I was also convinced that Gordon, the long distance tropical voyager (or pirate) of our crew who had spent some months wandering the Pacific with the legendary David Lewis, would catch his ear-rings on something - anything - and we would have blood and bits of ear-lobe all over the deck.

An early indication of the crew culture:

'Let's not put up the spinnaker yet (a five minute job) - let's wait till after dinner'

Many of our crew were relative novices at sea. The Moreton Bay exit, with wind against tide and competing swells tested both experience and metabolic functions:

'If you're going to be sick, do it on the lee side, not directly to windward of me. And Bill, can you pass up a towel so I can wipe Allan off my shoulder'

Not long afterwards:

Bruce: 'You've done well, Bill - you've not been sick at all'

Bill: 'Ruuuuuuuuth'

However I managed to get into the right, or at least appropriate, frame of mind, and we had lots of fun:

'The breeze is not quite right for Gizo - Bugger the race - Lets go to Borneo and collect artefacts'

The race was roughly twice the length of the Sydney to Hobart race, but with half the sailing pressure, with the inevitable result that time was consumed with philosophical discourse and reflections on the 'Meaning Of Life' (MOL). In every case our words of wisdom were punctuated with aphorisms and quotes of anyone from Bob Dylan to Socrates, and contained statements which may have been in fact self-evident and simple, but which sounded very deep and meaningful at the time:

'Did you know that nuclear disorder will dramatically increase if the whole universe collapses?'

'Every decision in life boils down to two fundamentals: priorities and timing'

'Life is simply a matter of choices'

Lots of madness:

Steve (well into the Coral Sea): 'Look at that grey cruiser over there - I bet they are pirates, or even gun runners for the rebels in Buka on Bougainville!'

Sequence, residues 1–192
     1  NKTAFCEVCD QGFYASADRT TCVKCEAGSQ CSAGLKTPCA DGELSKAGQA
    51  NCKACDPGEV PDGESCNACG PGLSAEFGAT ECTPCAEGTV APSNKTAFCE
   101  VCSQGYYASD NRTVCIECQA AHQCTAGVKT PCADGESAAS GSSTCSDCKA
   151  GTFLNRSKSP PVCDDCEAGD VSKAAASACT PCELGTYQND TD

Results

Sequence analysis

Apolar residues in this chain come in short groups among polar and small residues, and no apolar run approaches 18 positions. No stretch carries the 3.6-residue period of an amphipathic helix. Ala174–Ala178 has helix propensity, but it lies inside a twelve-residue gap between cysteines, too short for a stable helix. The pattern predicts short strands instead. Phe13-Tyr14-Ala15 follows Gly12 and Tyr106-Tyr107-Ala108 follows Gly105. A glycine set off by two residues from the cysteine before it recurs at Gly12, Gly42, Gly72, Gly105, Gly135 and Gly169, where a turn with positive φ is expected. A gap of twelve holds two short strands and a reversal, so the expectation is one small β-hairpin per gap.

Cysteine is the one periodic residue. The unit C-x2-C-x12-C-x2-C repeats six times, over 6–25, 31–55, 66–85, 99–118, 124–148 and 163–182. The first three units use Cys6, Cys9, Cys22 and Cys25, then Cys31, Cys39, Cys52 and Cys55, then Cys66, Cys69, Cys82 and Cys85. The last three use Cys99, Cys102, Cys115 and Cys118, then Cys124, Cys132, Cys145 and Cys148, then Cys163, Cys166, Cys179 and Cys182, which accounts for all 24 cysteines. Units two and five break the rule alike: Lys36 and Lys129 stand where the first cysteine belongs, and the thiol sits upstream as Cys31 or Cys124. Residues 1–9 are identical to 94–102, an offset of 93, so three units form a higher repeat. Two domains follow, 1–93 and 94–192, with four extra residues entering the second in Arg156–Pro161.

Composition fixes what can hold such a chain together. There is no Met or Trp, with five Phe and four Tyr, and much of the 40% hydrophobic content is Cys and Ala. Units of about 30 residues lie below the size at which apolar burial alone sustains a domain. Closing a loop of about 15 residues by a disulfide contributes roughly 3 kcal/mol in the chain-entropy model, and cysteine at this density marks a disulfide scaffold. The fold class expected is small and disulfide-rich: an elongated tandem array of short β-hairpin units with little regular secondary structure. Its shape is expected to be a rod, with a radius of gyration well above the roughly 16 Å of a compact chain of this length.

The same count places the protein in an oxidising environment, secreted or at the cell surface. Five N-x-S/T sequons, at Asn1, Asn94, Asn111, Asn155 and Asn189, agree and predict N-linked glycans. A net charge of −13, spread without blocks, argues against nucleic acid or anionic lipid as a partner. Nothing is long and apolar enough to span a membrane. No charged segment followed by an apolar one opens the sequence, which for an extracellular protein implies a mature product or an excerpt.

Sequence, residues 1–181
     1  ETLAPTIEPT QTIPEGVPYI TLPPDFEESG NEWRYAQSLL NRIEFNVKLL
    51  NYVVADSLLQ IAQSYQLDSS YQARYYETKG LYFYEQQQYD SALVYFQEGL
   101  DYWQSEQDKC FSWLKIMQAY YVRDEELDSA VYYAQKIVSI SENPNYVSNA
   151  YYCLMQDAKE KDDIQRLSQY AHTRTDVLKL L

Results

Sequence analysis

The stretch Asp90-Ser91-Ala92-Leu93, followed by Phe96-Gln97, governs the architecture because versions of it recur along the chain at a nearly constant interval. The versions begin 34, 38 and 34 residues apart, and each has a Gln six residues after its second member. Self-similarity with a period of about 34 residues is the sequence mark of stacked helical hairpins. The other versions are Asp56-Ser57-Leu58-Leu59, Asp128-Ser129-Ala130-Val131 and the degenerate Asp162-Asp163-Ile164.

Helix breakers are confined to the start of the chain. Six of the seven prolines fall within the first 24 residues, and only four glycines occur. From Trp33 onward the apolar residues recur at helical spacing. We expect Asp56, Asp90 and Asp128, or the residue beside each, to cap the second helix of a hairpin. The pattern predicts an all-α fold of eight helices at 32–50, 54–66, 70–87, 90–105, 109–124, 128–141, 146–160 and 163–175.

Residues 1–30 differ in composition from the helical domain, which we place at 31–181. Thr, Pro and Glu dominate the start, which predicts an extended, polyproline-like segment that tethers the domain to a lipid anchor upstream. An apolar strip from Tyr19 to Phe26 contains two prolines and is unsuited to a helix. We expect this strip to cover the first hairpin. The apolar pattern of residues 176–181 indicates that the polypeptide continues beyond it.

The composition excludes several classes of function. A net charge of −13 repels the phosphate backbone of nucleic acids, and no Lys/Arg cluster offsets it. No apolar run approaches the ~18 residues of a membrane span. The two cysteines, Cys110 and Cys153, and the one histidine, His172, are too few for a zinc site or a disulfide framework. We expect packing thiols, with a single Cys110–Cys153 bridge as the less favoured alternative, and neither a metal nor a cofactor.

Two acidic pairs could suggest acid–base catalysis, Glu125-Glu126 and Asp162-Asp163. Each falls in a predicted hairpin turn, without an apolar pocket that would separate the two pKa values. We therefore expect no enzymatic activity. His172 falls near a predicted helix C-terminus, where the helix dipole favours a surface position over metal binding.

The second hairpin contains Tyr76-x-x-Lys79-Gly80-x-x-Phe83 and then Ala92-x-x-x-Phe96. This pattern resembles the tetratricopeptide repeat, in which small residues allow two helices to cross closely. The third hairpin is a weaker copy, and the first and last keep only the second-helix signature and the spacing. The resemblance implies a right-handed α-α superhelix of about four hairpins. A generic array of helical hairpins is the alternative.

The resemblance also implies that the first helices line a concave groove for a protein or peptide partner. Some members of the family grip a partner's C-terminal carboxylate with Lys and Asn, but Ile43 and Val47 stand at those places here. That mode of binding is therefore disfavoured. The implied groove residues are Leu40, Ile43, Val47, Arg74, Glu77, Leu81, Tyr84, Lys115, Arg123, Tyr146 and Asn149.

'Then again, they might be florists, getting Bougainvillaea'

Some reflections on history:

'I heard that after 400 years, the Vatican has forgiven Copernicus for claiming in his thesis that the Sun, rather than the Earth, is the centre of our planetary system'

'That's all very well - but since Copernicus was right and the Vatican was wrong, has Copernicus forgiven the Vatican for putting him in jail for 15 years for his thesis?'

'Bill the Baron', our grazier and meat-purveyor, took us to the sunny side of the street:

Bill's universal opening line: 'You know it's a funny thing, life.....'

Bill's universal closing line: 'You've got to laugh'

And Bill's War Cry: 'Here we go, off like a herd of turtles'

Not too much music: Our CD player decided that it didn't like the first CD we tried to play - Roy Orbison - and the only way the CD player was going to ensure that there was no Orbison on-board was to throw a complete dummy spit.

Our lack of a CD player was more than adequately compensated for with some wonderful exchanges. The 'things we missed' exchange:

Bruce: 'I miss that snatch-block and sighting-compass I left at home.'

Ann: 'I miss my Kenny G CDs.'

Steve: 'Well the Captain will manage to miss Fraser Island by a mere fifty miles, if he's not careful'

In fact about the only thing I really missed was hard beating to windward - tacking into about 30 knots on the nose - because that's when you get the feeling of real heavy power from the boat at the wind and swell hit us face on. What I call 'Blue Hat' weather, after my 'Margaret Rintoul II' days.

However when it came to perfect sailing conditions, we had it all, with only a few occasions of really light breeze disturbing our spinnaker runs of two days or more at a time.

As I always do, I Ioved the evening surfing, when we had good reaching breeze of about 20 knots true, flat water on a favourable 2 to 3 metre swell, our bright yellow kite back-lit by a brilliant full moon. These were the 'I'll have this one - this is my wave' opportunities